Food safety must be a top priority in every commercial kitchen and dining room. Failing to pass a health inspection or having customers become sick with foodborne illnesses can have devastating effects. Below are valuable tips on restaurant food safety to keep your staff and patrons healthy.

Front of House

Sanitize Surfaces.
Ensure staff is properly sanitizing dining tables between settings. When using tablecloths, swap them out for a fresh one during the resetting of the table to prevent spreading of bacteria. Don’t use a tablecloth? Have your staff wipe down surfaces (include seats and menus) with a damp cloth and disinfectants.

Local health codes outline approved disinfectants in your area.

Keep Prep Stations Clean.
Having a designated area to prep and store flatware and dishes makes for easy resetting of the tables, however, these areas often get missed from the standard cleaning regimen. Bacteria and dust can settle in prep areas, making for unsanitary conditions. Consider adding the areas where you keep dishes and flatware to your cleaning schedule to regularly sanitize cutlery boxes and wipe down the surfaces.

Pay Attention to the Buffet.
Buffets are notorious for being hot beds for cross contamination and bacterial growth, often making them the culprit in many foodborne illnesses. Keep your buffet both appetizing and safe by adhering to proper hot and cold food temperatures with the use of thermometers.

NSF has a helpful list of key considerations to keep in mind when setting up and running a buffet.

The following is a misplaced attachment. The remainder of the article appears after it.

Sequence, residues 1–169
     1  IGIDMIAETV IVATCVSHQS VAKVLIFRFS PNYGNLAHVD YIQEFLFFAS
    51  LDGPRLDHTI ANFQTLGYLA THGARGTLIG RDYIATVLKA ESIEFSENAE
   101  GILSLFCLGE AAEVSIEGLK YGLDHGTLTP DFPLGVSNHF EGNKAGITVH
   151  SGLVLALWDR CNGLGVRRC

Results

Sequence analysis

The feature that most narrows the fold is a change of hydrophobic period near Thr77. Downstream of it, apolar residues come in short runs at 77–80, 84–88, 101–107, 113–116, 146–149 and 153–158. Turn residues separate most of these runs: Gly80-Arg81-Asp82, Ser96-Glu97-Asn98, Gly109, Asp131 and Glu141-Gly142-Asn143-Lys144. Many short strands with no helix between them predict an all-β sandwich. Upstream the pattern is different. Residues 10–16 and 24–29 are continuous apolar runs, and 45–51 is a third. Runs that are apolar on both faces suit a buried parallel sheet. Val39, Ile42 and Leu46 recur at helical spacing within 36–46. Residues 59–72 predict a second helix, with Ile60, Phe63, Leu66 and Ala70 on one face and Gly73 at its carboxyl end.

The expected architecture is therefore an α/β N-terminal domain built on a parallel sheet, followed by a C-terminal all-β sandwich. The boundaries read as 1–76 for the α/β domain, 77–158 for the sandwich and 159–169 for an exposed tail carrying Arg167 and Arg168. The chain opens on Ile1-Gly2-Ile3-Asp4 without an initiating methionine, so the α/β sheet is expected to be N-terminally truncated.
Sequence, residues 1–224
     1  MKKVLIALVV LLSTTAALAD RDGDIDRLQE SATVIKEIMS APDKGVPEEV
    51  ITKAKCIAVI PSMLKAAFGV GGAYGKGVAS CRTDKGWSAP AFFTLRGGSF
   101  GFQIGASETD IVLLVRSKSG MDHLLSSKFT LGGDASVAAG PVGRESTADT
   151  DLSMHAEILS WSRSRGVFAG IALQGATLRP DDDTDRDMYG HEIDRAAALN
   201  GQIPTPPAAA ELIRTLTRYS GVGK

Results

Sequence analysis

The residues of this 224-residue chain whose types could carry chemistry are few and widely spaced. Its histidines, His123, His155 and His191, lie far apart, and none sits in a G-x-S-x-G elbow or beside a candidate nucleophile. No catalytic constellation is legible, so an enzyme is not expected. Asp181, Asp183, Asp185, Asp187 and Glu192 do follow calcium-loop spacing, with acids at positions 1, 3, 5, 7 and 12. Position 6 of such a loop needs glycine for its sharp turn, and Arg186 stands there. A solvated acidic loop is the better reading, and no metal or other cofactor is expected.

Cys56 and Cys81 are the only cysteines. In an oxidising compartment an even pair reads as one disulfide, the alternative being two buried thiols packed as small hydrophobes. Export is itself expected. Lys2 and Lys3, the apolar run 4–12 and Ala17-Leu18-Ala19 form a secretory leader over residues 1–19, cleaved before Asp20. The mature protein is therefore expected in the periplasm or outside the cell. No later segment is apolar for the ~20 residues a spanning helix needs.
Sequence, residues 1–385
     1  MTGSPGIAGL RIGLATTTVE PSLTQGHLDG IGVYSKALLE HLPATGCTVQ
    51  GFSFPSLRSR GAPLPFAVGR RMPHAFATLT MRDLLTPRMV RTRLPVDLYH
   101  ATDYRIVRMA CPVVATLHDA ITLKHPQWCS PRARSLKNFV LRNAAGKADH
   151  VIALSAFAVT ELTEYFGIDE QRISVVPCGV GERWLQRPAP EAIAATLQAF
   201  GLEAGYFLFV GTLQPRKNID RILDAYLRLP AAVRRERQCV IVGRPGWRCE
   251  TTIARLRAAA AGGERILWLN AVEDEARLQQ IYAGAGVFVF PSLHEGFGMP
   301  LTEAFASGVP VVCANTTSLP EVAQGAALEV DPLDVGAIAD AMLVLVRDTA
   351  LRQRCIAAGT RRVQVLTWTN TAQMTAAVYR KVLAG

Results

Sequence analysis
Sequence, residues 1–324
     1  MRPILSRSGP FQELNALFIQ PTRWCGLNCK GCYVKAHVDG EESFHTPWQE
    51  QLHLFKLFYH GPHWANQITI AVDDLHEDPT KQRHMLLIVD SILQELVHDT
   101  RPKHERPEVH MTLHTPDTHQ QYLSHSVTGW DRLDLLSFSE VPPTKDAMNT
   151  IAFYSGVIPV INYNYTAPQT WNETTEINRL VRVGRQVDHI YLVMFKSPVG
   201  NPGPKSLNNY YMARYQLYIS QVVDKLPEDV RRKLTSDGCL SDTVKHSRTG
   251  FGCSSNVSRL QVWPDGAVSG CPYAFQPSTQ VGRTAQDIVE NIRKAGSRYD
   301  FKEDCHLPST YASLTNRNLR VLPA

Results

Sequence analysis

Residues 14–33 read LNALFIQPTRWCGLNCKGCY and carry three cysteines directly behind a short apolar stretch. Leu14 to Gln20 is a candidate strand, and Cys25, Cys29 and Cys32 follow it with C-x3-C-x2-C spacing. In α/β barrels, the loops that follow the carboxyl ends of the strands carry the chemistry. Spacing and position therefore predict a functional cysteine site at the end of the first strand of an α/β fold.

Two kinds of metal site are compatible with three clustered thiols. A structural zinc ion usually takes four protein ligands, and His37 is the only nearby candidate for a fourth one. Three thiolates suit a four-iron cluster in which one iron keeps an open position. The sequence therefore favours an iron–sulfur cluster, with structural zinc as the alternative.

Stick to the 2 Hour Rule.
Remember to discard any perishables that have been left out at room temperature for more than two hours. This applies to catered events, buffets and leftovers. Assign a staff member to watch over food stations to make sure food products are swapped out as needed. Also, train wait staff to caution guests to refrigerate their leftovers within two hours when handing over to-go boxes.

Trade the Old for New.
For buffets and catered affairs, do not add food to pans that have been sitting out; instead switch out the entire pan. While this may increase the volume of clean up, it goes a long way in preventing guests from ingesting compromised foods at unsafe temperatures.

Back of House

Stay in the Safe Zone.
When you prepare or store food, keep temperatures below 41°F or above 135°F. Any temperature that falls in between will welcome growth of harmful bacteria. Be on the alert to limit the time for thawing frozen meats or fish – never let them sit unattended on the counter.

The USDA offers safety guidelines for properly thawing your proteins.

Headline on Hygiene.
Hold regular trainings for your kitchen and wait staff on proper hygiene measures. This can range from when to wear hair nets and gloves to proper hand-washing techniques. By routinely bringing up safety measures, good hygiene will become second nature. Don’t forget to post hand washing signs in all restrooms.

Follow the First In, First Out Rule.
When receiving a shipment of supplies bring older supplies to the front and place new food products near the back. This will ensure older items get used before expiring, minimizing food waste and risks that come with cooking food too close to their end dates. Food labels are an easy way to note when an item was received and the expiration date.

Maintain the Equipment and Workspaces.
Routine cleaning of your equipment and prep areas will minimize the chance of cross-contamination. Proper maintenance of your equipment also ensures thermometers provide accurate reads and temperatures are held at safe levels.

Step Up your Storage.
Dry, cold and hot food storage all have different requirements for passing a health inspection. Ventilation, temperature and container sizes need to be taken into consideration. Train your staff to follow the various protocols for all food types to make sure storage requirements are met.

View our Food Storage Guide for a deep dive into proper precautions.